When the first HT processors were released, many operating systems were not optimized for hyper-threading technology (e.g. Windows 2000 and Linux older than 2.4).[27]

In 2006, hyper-threading was criticised for energy inefficiency.[28] For example, ARM (a specialized, low-power, CPU design company), stated that simultaneous multithreading can use up to 46% more power than ordinary dual-core designs. Furthermore, they claimed that SMT increases cache thrashing by 42%, whereas dual core results in a 37% decrease.[29]

In 2010, ARM said it might include simultaneous multithreading in its future chips;[30] however, this was rejected in favor of their 2012 64-bit design.[31] ARM produced SMT cores in 2018.[32]

In 2013, Intel dropped SMT in favor of out-of-order execution for its Silvermont processor cores, as they found this gave better performance with better power efficiency than a lower number of cores with SMT.[33]

In 2017, it was revealed that Intel's Skylake and Kaby Lake processors had a bug in their implementation of hyper-threading that could cause data loss.[34] Microcode updates were later released to address the issue.[35]

In 2019, with Coffee Lake, Intel temporarily moved away from including hyper-threading in mainstream Core i7 desktop processors except for highest-end Core i9 parts or Pentium Gold CPUs.[36] It also began to recommend disabling hyper-threading, as new CPU vulnerability attacks were revealed which could be mitigated by disabling HT.[37]



In May 2005, Colin Percival demonstrated that a malicious thread on a Pentium 4 can use a timing-based side-channel attack to monitor the memory access patterns of another thread with which it shares a cache, allowing the theft of cryptographic information. This is not actually a timing attack, as the malicious thread measures the time of only its own execution. Potential solutions to this include the processor changing its cache eviction strategy or the operating system preventing the simultaneous execution, on the same physical core, of threads with different privileges.[38] In 2018 the OpenBSD operating system has disabled hyper-threading "in order to avoid data potentially leaking from applications to other software" caused by the Foreshadow/L1TF vulnerabilities.[39][40] In 2019 a set of vulnerabilities led to security experts recommending the disabling of hyper-threading on all devices.[41]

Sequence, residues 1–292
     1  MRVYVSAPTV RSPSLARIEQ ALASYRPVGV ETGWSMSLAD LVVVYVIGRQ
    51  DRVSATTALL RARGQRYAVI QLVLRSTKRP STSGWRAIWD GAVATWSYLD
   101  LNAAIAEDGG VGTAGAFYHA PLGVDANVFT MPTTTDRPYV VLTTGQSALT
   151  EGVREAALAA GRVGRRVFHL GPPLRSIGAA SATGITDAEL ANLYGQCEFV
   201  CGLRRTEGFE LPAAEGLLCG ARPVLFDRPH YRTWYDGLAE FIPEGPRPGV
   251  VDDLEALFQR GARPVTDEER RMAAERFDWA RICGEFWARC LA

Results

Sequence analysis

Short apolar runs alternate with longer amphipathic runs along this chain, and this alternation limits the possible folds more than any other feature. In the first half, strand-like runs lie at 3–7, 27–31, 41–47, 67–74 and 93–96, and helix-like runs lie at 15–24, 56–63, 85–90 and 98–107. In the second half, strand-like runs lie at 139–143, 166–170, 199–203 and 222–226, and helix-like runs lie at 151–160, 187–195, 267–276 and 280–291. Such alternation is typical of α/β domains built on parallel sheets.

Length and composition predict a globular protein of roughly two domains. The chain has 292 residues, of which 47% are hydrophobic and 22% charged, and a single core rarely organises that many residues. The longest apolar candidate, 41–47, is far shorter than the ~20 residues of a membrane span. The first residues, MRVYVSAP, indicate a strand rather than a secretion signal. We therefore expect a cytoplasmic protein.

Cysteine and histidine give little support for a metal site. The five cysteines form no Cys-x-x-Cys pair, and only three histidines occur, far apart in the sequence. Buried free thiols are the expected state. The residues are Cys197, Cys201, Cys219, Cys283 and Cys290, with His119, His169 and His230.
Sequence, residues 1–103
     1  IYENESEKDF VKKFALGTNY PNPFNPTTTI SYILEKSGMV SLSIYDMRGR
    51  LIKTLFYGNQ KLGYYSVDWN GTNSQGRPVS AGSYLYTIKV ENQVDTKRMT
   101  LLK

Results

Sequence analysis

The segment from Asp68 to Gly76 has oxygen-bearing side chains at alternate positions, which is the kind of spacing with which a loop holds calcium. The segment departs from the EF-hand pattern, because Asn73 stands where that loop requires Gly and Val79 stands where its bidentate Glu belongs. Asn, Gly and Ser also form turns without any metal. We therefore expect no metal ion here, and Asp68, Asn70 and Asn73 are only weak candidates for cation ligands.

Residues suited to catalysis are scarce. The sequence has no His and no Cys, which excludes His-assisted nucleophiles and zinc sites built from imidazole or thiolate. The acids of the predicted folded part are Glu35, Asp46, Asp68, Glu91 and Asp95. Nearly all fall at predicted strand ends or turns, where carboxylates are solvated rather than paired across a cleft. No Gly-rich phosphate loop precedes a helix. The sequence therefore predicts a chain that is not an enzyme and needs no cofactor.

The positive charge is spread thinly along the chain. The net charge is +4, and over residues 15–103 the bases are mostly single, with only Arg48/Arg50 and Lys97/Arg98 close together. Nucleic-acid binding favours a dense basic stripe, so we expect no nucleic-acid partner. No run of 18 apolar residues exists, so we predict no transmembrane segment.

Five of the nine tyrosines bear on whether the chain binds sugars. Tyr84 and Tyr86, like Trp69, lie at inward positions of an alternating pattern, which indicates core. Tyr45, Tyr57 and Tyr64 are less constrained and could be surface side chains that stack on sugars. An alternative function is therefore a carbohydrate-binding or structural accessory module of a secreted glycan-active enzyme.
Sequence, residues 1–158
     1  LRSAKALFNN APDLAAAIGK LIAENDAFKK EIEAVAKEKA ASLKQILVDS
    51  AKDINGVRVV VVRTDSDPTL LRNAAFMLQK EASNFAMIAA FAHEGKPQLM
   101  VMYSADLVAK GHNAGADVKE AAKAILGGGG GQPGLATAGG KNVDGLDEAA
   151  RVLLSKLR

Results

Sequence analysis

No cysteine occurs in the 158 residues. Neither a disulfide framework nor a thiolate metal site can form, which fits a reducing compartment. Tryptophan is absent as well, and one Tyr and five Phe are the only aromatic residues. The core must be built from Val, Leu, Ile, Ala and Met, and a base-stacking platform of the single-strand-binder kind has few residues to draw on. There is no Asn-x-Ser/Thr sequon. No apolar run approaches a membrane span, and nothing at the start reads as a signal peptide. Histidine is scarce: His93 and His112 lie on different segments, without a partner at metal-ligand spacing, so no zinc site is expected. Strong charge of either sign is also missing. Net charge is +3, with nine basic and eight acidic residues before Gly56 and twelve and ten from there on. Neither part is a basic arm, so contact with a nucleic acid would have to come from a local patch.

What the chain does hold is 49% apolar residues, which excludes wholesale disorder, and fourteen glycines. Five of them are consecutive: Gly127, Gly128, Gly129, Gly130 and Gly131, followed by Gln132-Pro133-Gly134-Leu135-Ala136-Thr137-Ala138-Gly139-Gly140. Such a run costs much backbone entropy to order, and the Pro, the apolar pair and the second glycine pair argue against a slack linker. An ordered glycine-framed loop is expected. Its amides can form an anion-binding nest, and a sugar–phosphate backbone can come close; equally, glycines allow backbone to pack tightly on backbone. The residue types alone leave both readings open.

See also



  1. ^ Stokes, Jon (3 October 2002). "Introduction to Multithreading, Superthreading and Hyperthreading". Ars Technica. pp. 2–3. Retrieved 30 September 2015.
  2. ^ Deborah T. Marr; Frank Binns; David L. Hill; Glenn Hinton; David A. Koufaty; J. Alan Miller; Michael Upton (12 December 2006). "Hyper-Threading Technology Architecture and Microarchitecture" (PDF). cs.sfu.ca. Archived from the original (PDF) on 23 September 2015. Retrieved 30 September 2015.
  3. ^ Anand Lal Shimpi (5 October 2012). "The Haswell Front End – Intel's Haswell Architecture Analyzed". AnandTech. Retrieved 30 September 2015.
  4. ^ "Intel Pentium 4 3.06GHz CPU with Hyper-Threading Technology: Killing Two Birds with a Stone." X-bit labs. Archived from the original on 31 May 2014. Retrieved 4 June 2014.
  5. ^ "Intel® Hyper-Threading Technology (Intel® HT Technology)". Intel. Retrieved 24 October 2021.
  6. ^ Intel Required Components Interchangeability List for the Intel Pentium 4 Processor with HT Technology, includes list of Operating Systems that include optimizations for Hyper-Threading Technology; they are Windows XP Professional 64, Windows XP MCE, Windows XP Home, Windows XP Professional, some versions of Linux such as COSIX Linux 4.0, RedHat Linux 9 (Professional and Personal versions), RedFlag Linux Desktop 4.0 and SuSe Linux 8.2 (Professional and Personal versions)
  7. ^ "Intel Processor Spec Finder: SL6WK".
  8. ^ a b Thomadakis, Michael E. (17 March 2011). "The Architecture of the Nehalem Processor and Nehalem-EP SMP Platforms" (PDF). Texas A&M University. p. 23. Archived from the original (PDF) on 11 August 2014. Retrieved 21 March 2014.
  9. ^ Hennessy, John L.; Patterson, David A. (7 December 2017). Computer Architecture: A Quantitative Approach. Asanović, Krste,, Bakos, Jason D.,, Colwell, Robert P.,, Bhattacharjee, Abhishek, 1984-, Conte, Thomas M., 1964- (Sixth ed.). Cambridge, MA. ISBN 978-0128119051. OCLC 983459758.{{cite book}}: CS1 maint: location missing publisher (link)
  10. ^ "A multiminiprocessor system implemented through pipelining", by Leonard Shar and Edward Davidson, IEEE Computer, Feb. 1974, pp. 42-51, vol. 7 https://www.computer.org/csdl/magazine/co/1974/02/4251/13rRUyoyhIt
  11. ^ Okin, Kenneth (1 November 1994), United States Patent: 5361337 - Method and apparatus for rapidly switching processes in a computer system, archived from the original on 21 September 2015, retrieved 24 May 2016
  12. ^ "Extreme Gaming with the Intel® Core™ i7 Processor Extreme Edition". www.intel.com. Archived from the original on 1 December 2008.